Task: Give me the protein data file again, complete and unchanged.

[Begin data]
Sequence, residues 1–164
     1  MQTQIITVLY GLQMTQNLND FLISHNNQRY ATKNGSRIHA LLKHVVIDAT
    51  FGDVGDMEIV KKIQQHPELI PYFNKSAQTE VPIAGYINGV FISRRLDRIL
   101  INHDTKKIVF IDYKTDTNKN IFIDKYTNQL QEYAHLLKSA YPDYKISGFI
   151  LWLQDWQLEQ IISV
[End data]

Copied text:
Sequence, residues 1–164
     1  MQTQIITVLY GLQMTQNLND FLISHNNQRY ATKNGSRIHA LLKHVVIDAT
    51  FGDVGDMEIV KKIQQHPELI PYFNKSAQTE VPIAGYINGV FISRRLDRIL
   101  INHDTKKIVF IDYKTDTNKN IFIDKYTNQL QEYAHLLKSA YPDYKISGFI
   151  LWLQDWQLEQ IISV